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Re: [Public WebGL] Resurrecting Update Scheduling

On Thu, Apr 15, 2010 at 13:48, Gregg Tavares <gman@google.com> wrote:
Here is a revised version of that scheduler proposal:
         context.setUpdateFunction(updateFunction, targetFramerate);

Suggestion: What about
canvas.setUpdateFunction(updateFunction, targetFramerate);

To clarify what's next let me start by saying that I preferred naming of the original proposal setRenderFunction/scheduleRender as it is common for apps/games to consider differently "update" (e.g change objects positions, detect collisions) and "render" (draw objects) code.

Proposed API promotes and limits to "Constant game speed with Maximum FPS" [1] and requires for many use cases usage of an additional setInterval since not invoking updateFunction when a context is not visible is not acceptable for some kind of apps (stopping rendering as soon a context is not visible is fine for all apps, however stopping updates of real-time app objects such as in action games is not - even if browser window has not been visible for some time).

Considering the large range of devices WebGL will run on, from older slow embedded devices to newest powerful desktops, it is difficult for developers to select a 'targetFramerate' that would work correctly on most devices.
I think we should rather promote and make it easy for app developers to build framerate-independent apps that provides the smoothest experience possible on high-end devices while degrading gracefully on slower devices (see Constant game speed with Variable FPS in [1]).

It is common that updateFunction can be called with a lesser frequency than renderFunction, for instance it is rarely needed to perform collision detection at each and every frame rendered; on the other hand the renderFunction should be invoked as often as possible on the running device (ideally at screen refresh rate), this enables apps to smooth/interpolate rendered frames between two updates for better user experience (especially for fast-moving objects).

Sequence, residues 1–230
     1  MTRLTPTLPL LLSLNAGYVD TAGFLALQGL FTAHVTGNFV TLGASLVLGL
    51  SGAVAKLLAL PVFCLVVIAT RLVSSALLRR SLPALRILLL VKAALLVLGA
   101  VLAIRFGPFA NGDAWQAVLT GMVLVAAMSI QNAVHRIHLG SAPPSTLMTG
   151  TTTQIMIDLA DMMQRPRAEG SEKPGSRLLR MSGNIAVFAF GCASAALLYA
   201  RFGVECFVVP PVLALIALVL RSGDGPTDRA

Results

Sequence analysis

In essence this means API must not require usage of a scheduleRender function to trigger rendering of each frame.

With some inspiration from Android's GLSurfaceView API [2], I propose :

typedef unsigned long WebGLRenderMode;
const WebGLRenderMode RENDERMODE_CONTINUOUS = 0; //render function will be invoked as often as possible
const WebGLRenderMode RENDERMODE_ONDEMAND = 1; //render function will be run in the near future after scheduleRender is invoked for each frame, useful for apps that require render after specific updates/events only

[Callback][Callable=render] interface WebGLRenderer {
void render(in WebGLContext context);

void setRenderer(in WebGLRenderer renderer, in WebGLRenderMode mode);
void scheduleRender();

This enables same benefits as original proposal, but do not force developer to empirically select a "targetFramerate" and more importantly do not force one kind of "game loop" to get these benefits.

Examples :

1) Spinning cube (the faster the device the smoother the rotation, the cube rotates at a constant speed no matter the actual framerate) :

gl.setRenderer(function () { gl.uniform1f(rotationAngle, Date.now() / 1000.f); gl.draw... }, gl.RENDERMODE_CONTINUOUS);

2) Rotate cube when mouse is clicked :

canvas.addEventListener("click", function () { gl.uniform1f(rotationAngle, angle++); gl.scheduleRender();  }
gl.setRenderer(function () { gl.draw... }, gl.RENDERMODE_ONDEMAND);


[1] : http://dewitters.koonsolo.com/gameloop.html , this article describes pretty well some of the most common loop techniques that are typically used in games and other multimedia apps.
[2] : http://developer.android.com/reference/android/opengl/GLSurfaceView.html